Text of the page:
Victoria connelly the.., p.1

Victoria Connelly - The Rose Girl, page 1

 

Victoria Connelly - The Rose Girl
 



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Victoria Connelly - The Rose Girl


  ALSO BY VICTORIA CONNELLY

  Molly’s Millions

  Flights of Angels

  Escape to Mulberry Cottage A Year at Mulberry Cottage A Dog Called Hope

  Secret Pyramid

  Irresistible You

  The Runaway Actress

  Wish You Were Here

  A Summer to Remember

  Three Graces

  The Secret of You

  Christmas at the Cove

  SHORT STORY COLLECTIONS

  One Perfect Week and Other Stories The Retreat and Other Stories Postcard from Venice and Other Stories IN THE AUSTEN ADDICTS SERIES

  A Weekend with Mr Darcy

  The Perfect Hero

  Mr Darcy Forever

  Christmas with Mr Darcy

  Happy Birthday, Mr Darcy

  At Home with Mr Darcy

  This is a work of fiction. Names, characters, organizations, places, events, and incidents are either products of the author’s imagination or are used fictitiously.

  Text copyright © 2015 Victoria Connelly All rights reserved.

  No part of this book may be reproduced, or stored in a retrieval system, or transmitted in any form or by any means, electronic, mechanical, photocopying, recording, or otherwise, without express written permission of the publisher.

  Published by Lake Union Publishing, Seattle www.apub.com

  Amazon, the Amazon logo, and Lake Union Publishing are trademarks of Amazon.com, Inc., or its affiliates.

  ISBN-13: 978-1477829325

  ISBN-10: 1477829326

  Cover design by bürosüdo München, www.buerosued.de

  Library of Congress Control Number: 2014920271

  To Roy with love.

  CONTENTS

  START READING

  1.

  2.

  3.

  4.

  5.

  6.

  7.

  8.

  9.

  10.

  11.

  12.

  13.

  14.

  15.

  16.

  17.

  18.

  19.

  20.

  21.

  22.

  23.

  24.

  25.

  26.

  27.

  28.

  29.

  30.

  31.

  32.

  33.

  ONE YEAR LATER

  ACKNOWLEDGEMENTS

  ABOUT THE AUTHOR

  ‘Some people are always grumbling because roses have thorns; I am thankful that thorns have roses.’

  —Alphonse Karr

  1.

  Some people mark the beginning of summer by the call of the first cuckoo or the arrival of the first swallow but, for Celeste Hamilton, summer began with the opening of the first rose. It wasn’t surprising, really, because she had grown up in a family of rosarians and had been growing roses all her life. Her first word had been ‘rose’ and the family joke was that they all had roses in the blood. But, when Celeste had left home and married Liam O’Grady, she’d swapped roses for a reclamation yard and had thrown herself into her husband’s business with the joy of somebody who had been given a reprieve. Roses were her past, she’d thought. Only the past had a funny way of catching up with you, didn’t it?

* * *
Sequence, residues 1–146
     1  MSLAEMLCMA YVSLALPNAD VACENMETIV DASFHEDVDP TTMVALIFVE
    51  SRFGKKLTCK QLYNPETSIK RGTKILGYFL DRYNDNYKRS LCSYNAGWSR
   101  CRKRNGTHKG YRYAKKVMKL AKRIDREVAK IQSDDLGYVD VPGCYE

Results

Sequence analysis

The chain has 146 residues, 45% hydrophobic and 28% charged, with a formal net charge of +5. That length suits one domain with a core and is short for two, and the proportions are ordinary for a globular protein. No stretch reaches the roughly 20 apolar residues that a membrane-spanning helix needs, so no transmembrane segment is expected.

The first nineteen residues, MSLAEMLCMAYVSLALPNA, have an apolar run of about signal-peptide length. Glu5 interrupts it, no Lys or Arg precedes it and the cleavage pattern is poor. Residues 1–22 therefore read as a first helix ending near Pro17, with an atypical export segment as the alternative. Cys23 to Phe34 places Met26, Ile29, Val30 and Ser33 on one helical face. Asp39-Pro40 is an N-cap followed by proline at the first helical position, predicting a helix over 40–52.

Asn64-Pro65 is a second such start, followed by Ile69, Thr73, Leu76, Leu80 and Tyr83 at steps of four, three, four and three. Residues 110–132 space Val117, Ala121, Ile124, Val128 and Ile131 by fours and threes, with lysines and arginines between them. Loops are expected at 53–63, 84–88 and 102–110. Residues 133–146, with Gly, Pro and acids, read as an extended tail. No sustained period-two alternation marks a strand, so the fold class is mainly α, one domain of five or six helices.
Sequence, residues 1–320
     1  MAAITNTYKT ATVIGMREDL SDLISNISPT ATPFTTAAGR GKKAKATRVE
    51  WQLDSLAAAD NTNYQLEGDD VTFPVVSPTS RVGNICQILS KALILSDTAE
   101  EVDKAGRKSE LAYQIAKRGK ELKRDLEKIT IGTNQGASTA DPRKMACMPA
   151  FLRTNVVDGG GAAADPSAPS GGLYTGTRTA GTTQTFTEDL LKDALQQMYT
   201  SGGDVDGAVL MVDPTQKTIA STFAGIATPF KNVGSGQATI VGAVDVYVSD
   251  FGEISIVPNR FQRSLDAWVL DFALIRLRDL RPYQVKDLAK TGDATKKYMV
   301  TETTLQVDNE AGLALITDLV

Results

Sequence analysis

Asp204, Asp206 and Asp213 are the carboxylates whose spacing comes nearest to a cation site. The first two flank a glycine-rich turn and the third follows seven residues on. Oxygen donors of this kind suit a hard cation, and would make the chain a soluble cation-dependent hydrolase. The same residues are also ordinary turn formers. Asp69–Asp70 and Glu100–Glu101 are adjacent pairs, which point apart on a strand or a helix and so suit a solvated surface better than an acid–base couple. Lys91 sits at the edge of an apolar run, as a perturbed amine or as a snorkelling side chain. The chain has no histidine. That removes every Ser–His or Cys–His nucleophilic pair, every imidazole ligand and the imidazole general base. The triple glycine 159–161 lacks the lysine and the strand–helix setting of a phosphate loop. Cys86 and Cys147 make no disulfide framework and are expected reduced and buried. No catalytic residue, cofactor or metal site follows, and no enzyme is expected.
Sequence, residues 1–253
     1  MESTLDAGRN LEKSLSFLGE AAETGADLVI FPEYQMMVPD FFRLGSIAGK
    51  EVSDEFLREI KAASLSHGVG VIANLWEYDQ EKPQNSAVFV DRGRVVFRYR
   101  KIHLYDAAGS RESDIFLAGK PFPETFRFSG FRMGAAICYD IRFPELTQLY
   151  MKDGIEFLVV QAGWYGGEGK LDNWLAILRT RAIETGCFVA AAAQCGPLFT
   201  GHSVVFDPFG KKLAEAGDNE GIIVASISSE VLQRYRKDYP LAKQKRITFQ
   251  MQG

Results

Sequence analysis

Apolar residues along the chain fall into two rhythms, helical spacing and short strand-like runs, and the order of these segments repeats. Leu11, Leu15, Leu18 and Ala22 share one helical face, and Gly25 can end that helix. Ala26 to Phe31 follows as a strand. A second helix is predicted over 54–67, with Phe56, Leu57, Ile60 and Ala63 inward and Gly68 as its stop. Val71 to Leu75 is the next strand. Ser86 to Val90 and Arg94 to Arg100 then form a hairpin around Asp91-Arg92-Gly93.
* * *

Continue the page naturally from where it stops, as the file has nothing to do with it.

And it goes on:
And now I’m coming home, she thought to herself as the old Morris Minor van wended its way through the overgrown lanes of the Stour Valley. She wouldn’t have ever believed she’d return home but, with the death of her mother and the small matter of her marriage being over, Celeste really had no choice. She sighed as she thought of the weeks that lay ahead of her and only hoped that she could sort everything out before those weeks turned into months because she certainly wasn’t going to stay any longer; that wasn’t part of her plan at all.

  ‘In and out,’ she told herself as she thought about her childhood home, her mind crowded with memories she’d sooner forget. ‘In and out.’ There was no need to get emotional about things. This was business pure and simple.

  She wound her window down and the rich notes of a blackbird filled the car. The hedgerows were full of white campion and stripy—petalled mallow, and she spied a forest of foxgloves in the shade of a wood.

  Entering the village of Eleigh Tye, she saw the familiar cottage gardens stuffed with sweet peas, honeysuckle and lupins but, despite the scent and the show they put on, Celeste knew that these flowers were only an overture to the brilliant symphony of summer and she soon saw what she was looking for.

  Slowing the car at a corner, Celeste smiled as Mrs Keating’s garden came into view and she spied the brilliant yellow of the rose Maigold which climbed up the front of the thatched cottage like a hundred little sunshines, almost completely obscuring one of the tiny downstairs windows. For Celeste, Mrs Keating’s Maigold heralded the beginning of the rose season and she looked out for it every year.